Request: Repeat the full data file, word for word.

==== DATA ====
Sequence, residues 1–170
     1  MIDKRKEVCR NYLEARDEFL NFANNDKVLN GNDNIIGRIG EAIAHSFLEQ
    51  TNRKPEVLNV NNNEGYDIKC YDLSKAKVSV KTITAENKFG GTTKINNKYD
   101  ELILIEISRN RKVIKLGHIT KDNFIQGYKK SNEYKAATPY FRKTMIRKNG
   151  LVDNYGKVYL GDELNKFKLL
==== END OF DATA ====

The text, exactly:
Sequence, residues 1–170
     1  MIDKRKEVCR NYLEARDEFL NFANNDKVLN GNDNIIGRIG EAIAHSFLEQ
    51  TNRKPEVLNV NNNEGYDIKC YDLSKAKVSV KTITAENKFG GTTKINNKYD
   101  ELILIEISRN RKVIKLGHIT KDNFIQGYKK SNEYKAATPY FRKTMIRKNG
   151  LVDNYGKVYL GDELNKFKLL